The entrepreneurs believe that their staunch commitment to using quality imported glass beads is what sets them apart from less expensive look-alikes.
“We are targeting a customer interested in both trend and quality,” says Trowbridge. “She is someone who wants to stay trendy and fashionable, but has both the desire and income to purchase a quality product.”
“We never went to plastic beads,” says Bayes, “even with the junior line.”
Janet Schendle Finegold, owner of Kid Biz in Preston Center, agrees that is the quality of the jewelry that stands out to customers. “I think that what appeals to customers most is their use of unique stones and colorations,” she says. “We are a very contemporary store and our customers are very aware of current fashion trends.
“The Deux Amis line has done just great here, and we have a lot of moms who buy it for themselves.”
Bolstered by their success within local boutiques, Bayes and Trowbridge decided to pursue larger clients Neiman Marcus and Nordstrom. Since Trowbridge was working as a buyer for Neiman’s, they had an inside track to help them land the deal. Getting into Nordstrom, however, required a bit more creativity.
“A few years earlier, Elizabeth and I had attended a conference at North Texas where Pete Nordstrom was the speaker,’ explains Bayes. “At the end of the conference he handed out his card and invited everyone to contact him if they ever needed any help.
“Of course, nobody ever really does it, but we held onto that number. We didn’t know who to approach at Nordstrom, so we pulled out his number and just called him directly.”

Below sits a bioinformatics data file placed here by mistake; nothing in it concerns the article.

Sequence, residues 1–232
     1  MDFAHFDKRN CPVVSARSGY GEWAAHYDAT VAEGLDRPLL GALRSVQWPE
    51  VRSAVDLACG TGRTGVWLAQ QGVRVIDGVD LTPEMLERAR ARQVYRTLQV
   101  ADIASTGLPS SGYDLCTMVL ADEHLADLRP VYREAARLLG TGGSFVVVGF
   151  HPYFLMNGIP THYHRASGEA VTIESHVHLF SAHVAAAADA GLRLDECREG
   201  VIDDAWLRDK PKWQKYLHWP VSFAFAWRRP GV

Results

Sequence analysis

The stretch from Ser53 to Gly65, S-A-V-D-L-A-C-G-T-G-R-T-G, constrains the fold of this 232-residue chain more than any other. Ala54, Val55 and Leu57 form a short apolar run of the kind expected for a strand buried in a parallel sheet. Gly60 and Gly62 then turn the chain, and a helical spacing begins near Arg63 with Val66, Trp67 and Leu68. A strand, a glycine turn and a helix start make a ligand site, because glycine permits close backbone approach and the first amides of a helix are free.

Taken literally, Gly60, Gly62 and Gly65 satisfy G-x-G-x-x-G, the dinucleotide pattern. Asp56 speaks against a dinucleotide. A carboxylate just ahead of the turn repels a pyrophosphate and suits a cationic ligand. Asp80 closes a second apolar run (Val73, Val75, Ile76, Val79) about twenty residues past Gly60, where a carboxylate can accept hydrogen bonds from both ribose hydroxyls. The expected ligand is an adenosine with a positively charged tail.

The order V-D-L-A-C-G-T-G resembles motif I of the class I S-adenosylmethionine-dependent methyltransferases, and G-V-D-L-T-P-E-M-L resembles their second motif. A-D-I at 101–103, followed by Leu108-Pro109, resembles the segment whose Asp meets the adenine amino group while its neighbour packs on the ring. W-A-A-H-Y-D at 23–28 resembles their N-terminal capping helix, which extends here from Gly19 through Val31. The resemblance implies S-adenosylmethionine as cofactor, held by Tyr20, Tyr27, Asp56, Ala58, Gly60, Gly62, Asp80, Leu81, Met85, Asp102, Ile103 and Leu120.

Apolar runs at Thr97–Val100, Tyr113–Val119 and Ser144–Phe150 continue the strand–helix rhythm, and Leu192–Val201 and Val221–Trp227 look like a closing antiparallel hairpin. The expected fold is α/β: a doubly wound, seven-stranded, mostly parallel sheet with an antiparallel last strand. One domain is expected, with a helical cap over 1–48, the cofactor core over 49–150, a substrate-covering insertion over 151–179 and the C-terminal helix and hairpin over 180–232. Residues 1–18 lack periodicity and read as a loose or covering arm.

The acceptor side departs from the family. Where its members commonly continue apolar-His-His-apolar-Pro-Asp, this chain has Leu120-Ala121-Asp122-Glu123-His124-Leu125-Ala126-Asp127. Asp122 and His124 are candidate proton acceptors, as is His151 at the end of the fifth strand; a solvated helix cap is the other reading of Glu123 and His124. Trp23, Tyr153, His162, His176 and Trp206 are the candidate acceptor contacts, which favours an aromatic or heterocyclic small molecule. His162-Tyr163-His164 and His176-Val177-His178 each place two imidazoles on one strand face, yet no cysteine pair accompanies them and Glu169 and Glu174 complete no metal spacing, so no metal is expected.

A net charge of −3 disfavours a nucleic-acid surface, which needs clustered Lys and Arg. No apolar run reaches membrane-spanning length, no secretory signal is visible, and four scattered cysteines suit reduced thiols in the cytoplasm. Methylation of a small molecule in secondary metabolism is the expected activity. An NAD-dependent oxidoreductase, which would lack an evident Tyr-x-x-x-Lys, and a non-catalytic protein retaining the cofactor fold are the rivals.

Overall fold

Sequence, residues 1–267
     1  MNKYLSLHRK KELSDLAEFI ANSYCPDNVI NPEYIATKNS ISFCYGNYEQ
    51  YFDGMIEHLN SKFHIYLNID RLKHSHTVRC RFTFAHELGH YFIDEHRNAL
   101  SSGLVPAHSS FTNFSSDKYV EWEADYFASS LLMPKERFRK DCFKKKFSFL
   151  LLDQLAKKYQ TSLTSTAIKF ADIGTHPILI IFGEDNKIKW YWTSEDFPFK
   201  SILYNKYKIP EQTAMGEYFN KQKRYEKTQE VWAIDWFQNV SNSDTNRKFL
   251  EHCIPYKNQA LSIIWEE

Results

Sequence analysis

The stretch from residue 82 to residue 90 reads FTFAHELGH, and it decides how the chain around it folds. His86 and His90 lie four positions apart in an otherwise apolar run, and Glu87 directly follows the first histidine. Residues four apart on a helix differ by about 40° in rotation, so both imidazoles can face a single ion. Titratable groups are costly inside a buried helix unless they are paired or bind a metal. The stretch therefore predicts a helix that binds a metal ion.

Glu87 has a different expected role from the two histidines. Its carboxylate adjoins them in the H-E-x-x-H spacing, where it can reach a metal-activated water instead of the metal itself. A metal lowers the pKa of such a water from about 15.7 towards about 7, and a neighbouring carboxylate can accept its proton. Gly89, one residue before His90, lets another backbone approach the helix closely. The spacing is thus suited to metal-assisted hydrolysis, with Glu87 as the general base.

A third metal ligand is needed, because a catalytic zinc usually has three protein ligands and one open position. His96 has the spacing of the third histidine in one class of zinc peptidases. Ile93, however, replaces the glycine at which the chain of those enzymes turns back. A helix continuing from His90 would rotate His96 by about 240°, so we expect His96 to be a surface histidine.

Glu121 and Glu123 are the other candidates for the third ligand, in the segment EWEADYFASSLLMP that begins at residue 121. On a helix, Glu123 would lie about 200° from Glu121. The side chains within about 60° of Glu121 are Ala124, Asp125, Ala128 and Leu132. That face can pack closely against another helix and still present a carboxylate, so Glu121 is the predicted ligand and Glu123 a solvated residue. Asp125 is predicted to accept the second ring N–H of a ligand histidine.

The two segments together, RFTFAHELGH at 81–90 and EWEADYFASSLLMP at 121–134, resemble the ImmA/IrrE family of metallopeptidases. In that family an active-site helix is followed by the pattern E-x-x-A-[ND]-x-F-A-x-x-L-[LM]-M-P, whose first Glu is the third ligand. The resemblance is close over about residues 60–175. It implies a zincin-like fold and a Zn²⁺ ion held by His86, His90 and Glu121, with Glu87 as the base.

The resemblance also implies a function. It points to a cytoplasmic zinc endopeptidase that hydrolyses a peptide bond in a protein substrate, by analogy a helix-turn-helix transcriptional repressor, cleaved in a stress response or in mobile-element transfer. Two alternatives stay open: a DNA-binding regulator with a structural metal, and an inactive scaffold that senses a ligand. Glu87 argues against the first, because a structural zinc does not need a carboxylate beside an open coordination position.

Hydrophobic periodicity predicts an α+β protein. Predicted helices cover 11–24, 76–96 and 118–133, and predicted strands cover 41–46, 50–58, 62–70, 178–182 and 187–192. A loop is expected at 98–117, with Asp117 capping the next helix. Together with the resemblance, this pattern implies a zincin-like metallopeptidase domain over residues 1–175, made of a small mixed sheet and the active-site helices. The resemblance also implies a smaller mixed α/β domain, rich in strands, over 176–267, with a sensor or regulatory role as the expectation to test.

Adds Trowbridge, “There’s nothing like just starting at the top!”
By the Christmas 1999 season, the jewelry was being sold at stores across the country. It was during this time that the pair hired a crew to produce the jewelry. They had outgrown their dining room table workshop, but still hold the occasional “bag and tag” party to ready their orders for shipment.
“If necessary, we’ll get our husbands, friends and family to pull an all-nighter in order to get a shipment out in time,” says Trowbridge. In fact as recently as this past Labor Day weekend, they had a crew at their house bagging and tagging for a holiday shipment.
The partners then began traveling around the country to add a store-to-store personal touch; this aspect of the business has become one of their favorite parts of the job.
“We were on our way to L.A. to do our first in-store appearance out there,” recalls Bayes, “and we were so excited that the (airline) crew asked us about our trip. When they heard our story, they gave us champagne to celebrate.”
It was at a personal appearance in Los Angeles that they sold a necklace and earrings to actress Mary Steenbergen.
“We were at the store doing our demonstration when she walked up to me,” says Trowbridge. “I knew who she was immediately, but I wanted to play it cool, so I greeted her and started talking about the jewelry. Pretty soon, Anna saw that I was talking to her and started elbowing me and whispering: Do you know who that is?